Primary

M-VT

VF

Yes

Successful

2

Male

61

Ischemic

0.30

SC-ICD

Secondary

M-VT

VF

No

Successful

3

Male

60

Non-ischemic

0.20

SC-ICD

Secondary

P-VT

VF

No

Successful

4

Male

59

Ischemic

0.30

DC-ICD

Secondary

+

VF

VF

Yes

Successful

5

Male

65

Ischemic

0.25

SC-ICD

Secondary

+

VF

VF

Yes

Successful

ICD — implantable cardioverter-defibrillator; EF — ejection fraction; Zone — ICD detection zone; AAD — antiarrhythmic drug therapy; SC-ICD — single-chamber ICD; DC-ICD — dual-chamber ICD; M-VT — monomorphic ventricular tachycardia; P-VT — polymorphic ventricular tachycardia; VF — ventricular fibrillation

This accounts for 2.8% (5/179) of total appropriate ICD shocks delivered in the study and 0.9% (5/545) of patients followed in the study. After adjusting for the differences in follow-up duration, there was no difference between groups in the annualized rate of failed first shock per patient (DT+: 0.01 vs. DT–: < 0.01; p = 0.71) and per shocked patient (DT+: 0.05 vs. DT–: 0.04; p = 0.94). Table 4 shows the clinical characteristics of patients with a failed first shock. In all cases, the second shock successfully terminated the ventricular arrhythmia.

Mortality

Forty (7.3%) patients died during the follow-up: 13 in the DT+ group (6 non-sudden cardiac deaths; 4 non-cardiac deaths; 2 sudden deaths; 1 unknown cause) and 27 in the DT– group (11 non-sudden cardiac death; 11 non-cardiac death; 2 electrical storm; 3 unknown causes). Patients dying due to electrical storm were admitted to the hospital with incessant ventricular arrhythmia that was treated with multiple appropriate ICD discharges that terminated the episodes with the first shock in all instances, while the ICD was working properly. One sudden death in the DT+ group occurred in 1 patient with hypertrophic cardiomyopathy. Unknown deaths were non-sudden and no shock delivery occurred. There were no deaths related to device failure or malfunction.

Unadjusted mortality rates were higher in patients with (12%) vs. without DT (6.2%; p = 0.048). However, after adjusting for the differences in follow-up duration, there was no difference in the annualized rate of death in DT+ vs. DT– patients (Table 2). As shown in Figure 1, there were no significant differences in the observed survival rates between DT+ vs. DT– patients (p = 0.9).

64489.jpg

Figure 1. Kaplan-Meier estimates of survival in patients with (DT+) and without (DT–) defibrillation testing.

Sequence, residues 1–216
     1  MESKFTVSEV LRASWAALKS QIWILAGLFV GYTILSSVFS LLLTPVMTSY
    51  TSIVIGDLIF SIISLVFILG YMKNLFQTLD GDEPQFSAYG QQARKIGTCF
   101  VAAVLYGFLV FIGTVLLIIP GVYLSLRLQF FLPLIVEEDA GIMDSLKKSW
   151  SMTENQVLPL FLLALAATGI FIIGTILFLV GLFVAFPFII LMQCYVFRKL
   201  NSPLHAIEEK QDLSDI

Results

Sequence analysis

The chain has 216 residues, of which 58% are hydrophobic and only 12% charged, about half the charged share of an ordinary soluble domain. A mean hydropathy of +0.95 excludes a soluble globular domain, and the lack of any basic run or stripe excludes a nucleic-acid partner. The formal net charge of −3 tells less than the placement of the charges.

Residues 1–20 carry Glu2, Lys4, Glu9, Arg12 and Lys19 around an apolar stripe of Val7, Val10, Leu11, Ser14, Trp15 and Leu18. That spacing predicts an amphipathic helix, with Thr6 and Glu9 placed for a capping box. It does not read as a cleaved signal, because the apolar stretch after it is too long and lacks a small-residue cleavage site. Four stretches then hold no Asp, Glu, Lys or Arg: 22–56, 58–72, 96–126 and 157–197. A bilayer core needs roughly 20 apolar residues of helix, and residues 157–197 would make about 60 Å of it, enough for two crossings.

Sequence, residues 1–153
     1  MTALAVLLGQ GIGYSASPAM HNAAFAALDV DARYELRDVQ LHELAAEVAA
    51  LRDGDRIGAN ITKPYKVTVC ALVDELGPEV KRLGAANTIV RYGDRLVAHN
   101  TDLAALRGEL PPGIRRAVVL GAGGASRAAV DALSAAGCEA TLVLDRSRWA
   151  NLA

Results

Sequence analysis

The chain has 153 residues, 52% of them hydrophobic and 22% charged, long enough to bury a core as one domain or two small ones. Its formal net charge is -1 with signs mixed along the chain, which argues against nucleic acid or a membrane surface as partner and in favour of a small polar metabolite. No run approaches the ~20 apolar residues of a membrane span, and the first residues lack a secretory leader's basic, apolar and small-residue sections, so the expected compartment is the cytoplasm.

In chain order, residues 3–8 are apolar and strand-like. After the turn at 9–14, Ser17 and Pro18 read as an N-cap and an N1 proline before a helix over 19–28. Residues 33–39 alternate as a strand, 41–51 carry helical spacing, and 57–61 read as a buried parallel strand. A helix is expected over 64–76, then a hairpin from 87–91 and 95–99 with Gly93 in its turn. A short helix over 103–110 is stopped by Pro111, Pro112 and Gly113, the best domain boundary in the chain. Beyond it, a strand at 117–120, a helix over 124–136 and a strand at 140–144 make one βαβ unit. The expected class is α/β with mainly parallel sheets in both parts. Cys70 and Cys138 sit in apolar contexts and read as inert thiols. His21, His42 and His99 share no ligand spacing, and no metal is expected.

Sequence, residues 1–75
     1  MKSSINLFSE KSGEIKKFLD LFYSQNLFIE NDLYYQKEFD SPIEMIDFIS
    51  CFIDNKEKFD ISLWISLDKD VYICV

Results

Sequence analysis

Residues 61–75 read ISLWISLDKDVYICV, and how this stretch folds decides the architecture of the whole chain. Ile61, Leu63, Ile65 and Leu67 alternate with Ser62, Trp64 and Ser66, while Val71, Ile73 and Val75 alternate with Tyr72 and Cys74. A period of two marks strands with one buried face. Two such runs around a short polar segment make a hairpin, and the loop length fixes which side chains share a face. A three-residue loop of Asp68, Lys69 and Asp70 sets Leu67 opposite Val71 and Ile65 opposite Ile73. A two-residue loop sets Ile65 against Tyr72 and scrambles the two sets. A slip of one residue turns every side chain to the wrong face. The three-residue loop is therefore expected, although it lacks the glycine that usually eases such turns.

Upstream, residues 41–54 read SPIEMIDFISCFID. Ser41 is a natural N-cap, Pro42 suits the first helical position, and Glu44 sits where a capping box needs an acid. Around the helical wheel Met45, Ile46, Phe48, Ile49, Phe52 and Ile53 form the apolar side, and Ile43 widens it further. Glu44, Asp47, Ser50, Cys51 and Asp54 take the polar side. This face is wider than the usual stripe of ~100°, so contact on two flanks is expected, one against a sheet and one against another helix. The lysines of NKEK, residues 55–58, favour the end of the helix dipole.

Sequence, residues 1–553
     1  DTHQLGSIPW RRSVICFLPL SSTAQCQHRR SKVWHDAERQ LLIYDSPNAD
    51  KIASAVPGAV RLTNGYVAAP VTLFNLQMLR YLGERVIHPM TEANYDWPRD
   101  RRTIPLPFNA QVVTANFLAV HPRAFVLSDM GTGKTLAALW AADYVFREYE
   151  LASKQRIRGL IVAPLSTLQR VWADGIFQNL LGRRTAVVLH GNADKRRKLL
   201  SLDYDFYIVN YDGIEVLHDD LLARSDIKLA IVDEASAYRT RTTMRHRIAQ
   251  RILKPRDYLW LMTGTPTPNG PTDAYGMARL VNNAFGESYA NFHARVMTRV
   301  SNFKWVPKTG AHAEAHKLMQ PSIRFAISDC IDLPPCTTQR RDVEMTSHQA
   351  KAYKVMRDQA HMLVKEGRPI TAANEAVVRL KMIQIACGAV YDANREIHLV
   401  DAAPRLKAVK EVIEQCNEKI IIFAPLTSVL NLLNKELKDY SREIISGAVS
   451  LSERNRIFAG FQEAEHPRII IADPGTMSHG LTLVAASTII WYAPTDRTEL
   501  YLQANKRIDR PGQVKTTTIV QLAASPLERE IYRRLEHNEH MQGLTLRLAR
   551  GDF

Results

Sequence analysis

Discussion

This observational study in an unselected population of consecutive patients undergoing ICD implantation found similar shock efficacy and long-term clinical outcome regardless of whether DT was performed or not. Therefore, in our study, performing DT did not predict ICD performance and had no clinical impact during the follow-up. These results are representative of the overall population of patients currently undergoing all types of ICD implants at two tertiary referral centers, for all kinds of ICD indications, including ICD with CRT capabilities and generator replacements. Finally, these results are representative of the clinical outcomes of the transition from the traditional DT strategy to the non-DT strategy for most of the patients.

Clinical impact of DT

ICD implantation is indicated to reduce all-cause mortality in patients at risk. In the present study, we observed no differences in the overall mortality rates irrespective of whether DT was performed or not. All-cause mortality rates were similar in the RAFT pilot trial [19], but lower than lower in others observational or retrospective studies [8, 20, 21]. Differences in patient characteristics and follow-up duration might account for these apparent discrepancies. Nevertheless, none of these studies were powered to detected differences in all-cause mortality and sudden cardiac death. On the other hand, in agreement with prior studies, there was no difference between groups in the annualized rate of patients with ventricular arrhythmic episodes and the annualized rate of patients receiving appropriate shocks (8% vs. 9%) [19–21].

ICD therapy efficacy in DT+ vs. DT– patients